| Fight against forgetfulness 2 | Fight against forgetfulness

First of all the bad news. Alzheimer's disease, with about 1.2 million patients and the growing number of cases of one of the major common diseases in Germany, continues to be an effective drug. Contrary to what we regularly hope for, we finally discover a substance capable of stopping or even reversing this devastating form of brain aging, which had up to now caused all drug candidates to fail at the moment of their admission. Recently, Biogen, which has been testing an active ingredient in anti-Alzheimer's therapy with the Japanese company Eisai since 2017, had to stop studying. The researchers spoke of a disaster.

It is still unclear why it is so difficult to act pharmacologically effective against the disease. It is perhaps the complexity of Alzheimer's disease that has hitherto prevented a breakthrough in the treatment of this disease. One of the triggers is the change in the concentration of two key neurotransmitters, acetylcholine and glutamate. While acetylcholine is present in patients receiving a dose that is too low, there is an excess of glutamate, which causes persistent excitation of the nerve cells and damages them accordingly. Protein deposits, called plaques, appear to play an important role, which deposits on nerve cells and disrupts their functioning. How exactly but all these factors interact, is not yet known.

Nevertheless, there is also good news. Although the molecular mechanisms are not yet sufficiently decoded, progress has been made at another level. The WHO recently released a comprehensive paper presenting new findings on the prevention of Alzheimer's disease risks. It presents a large number of instructions for action, classified according to scientific evidence, that is to say, the effects documented in the studies.

At the top is physical activity, the type of movement being less determinant than duration. Those who move at least 150 minutes a week, according to experts, significantly reduce the risk of illness. The positive effect of the sport is explained by the increased production of useful hormones and growth factors. Among the best known is a protein called BDNF, which acts in the hippocampus, a region playing an important role in the formation of memory.

According to WHO experts, blood pressure is another major influence on the brain aging process. Brain images of several hundred subjects under the age of 40 on average show: The brains of people with high blood pressure (about 140/90 mmHg) age faster. In magnetic resonance tomography, this looks like several years old brain, participating in the healthy study. The conclusions on smoking are equally clear. Prior to this, there were strong warnings that older smokers appeared to be more exposed to brain aging, which is related to the proven harmful effects of tobacco on blood vessels.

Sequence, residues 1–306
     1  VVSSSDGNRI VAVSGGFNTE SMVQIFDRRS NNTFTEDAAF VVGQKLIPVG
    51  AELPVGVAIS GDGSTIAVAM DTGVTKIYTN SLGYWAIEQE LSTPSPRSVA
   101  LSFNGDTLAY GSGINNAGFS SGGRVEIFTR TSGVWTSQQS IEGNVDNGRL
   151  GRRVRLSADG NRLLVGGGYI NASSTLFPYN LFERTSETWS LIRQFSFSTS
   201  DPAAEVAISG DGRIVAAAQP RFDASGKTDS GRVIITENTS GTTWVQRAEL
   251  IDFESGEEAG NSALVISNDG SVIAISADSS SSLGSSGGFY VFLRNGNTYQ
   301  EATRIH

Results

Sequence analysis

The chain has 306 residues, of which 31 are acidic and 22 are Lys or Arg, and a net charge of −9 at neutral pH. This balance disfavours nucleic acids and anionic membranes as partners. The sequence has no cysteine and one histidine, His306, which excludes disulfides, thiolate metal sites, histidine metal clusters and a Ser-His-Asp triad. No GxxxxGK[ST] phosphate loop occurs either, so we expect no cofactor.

A study conducted in 2015 by the Karolinska Institutet in Finland and published in the American magazine Lancet has already demonstrated the positive influence of a healthy lifestyle on brain development. About 1300 people between the ages of 60 and 77 were observed, with a slightly increased risk of dementia due to health problems. Half of the participants lived in very good health for two years, with a diet low in sugar and fat, a low alcohol diet, endurance sports, bodybuilding exercises and relaxation exercises.

In the final cognitive performance tests, participants in this group scored significantly better than those in the control group who did not complete a special health program. The findings, say study leaders Miia Kivipelto and psychologist Krister Håkansson, "show that a healthier diet, physical activity, mental and social progress and control of potential cardiovascular problems increase cognitive performance. over 60. The years can improve significantly. "

In addition, a healthy lifestyle requires adequate sleep. Its important role in the prevention of Alzheimer's disease is known since 2013. That year, the Danish neurobiologist Maiken Nedergaard discovered the so-called glyphatic system of the brain. It is responsible for the removal of the waste protein mass, the brain produces about seven grams a day. If this cleaning system does not work properly, brain structures accumulate and increase the risk of neurodegenerative diseases such as Alzheimer's disease.

In collaboration with American researchers, Nedergaard and his team have identified a kind of passage from the blood vessels of the brain to the lymphatic system, through which proteins are transported. In the end, this has widened and the glyphatic system works very well. Apparently, this purification system is not only responsible for removing the beta-amyloid protein that forms the plaques, which obstruct the space between brain cells. There is even evidence that tau fibrils that accumulate in cells, small bundles of defective tau protein, are also washed away. Both structures are unique features of Alzheimer's disease.

Of course, medical research will continue to work hard to also tackle the disease at the molecular level. Currently, for example, the possibility of forming the body by means of a kind of vaccination on the effective elimination of the mentioned protein residues of beta-amyloid and dew is discussed. However, to date, it has not even been clarified whether plaques or fibrils are the trigger or simply a symptom of the disease.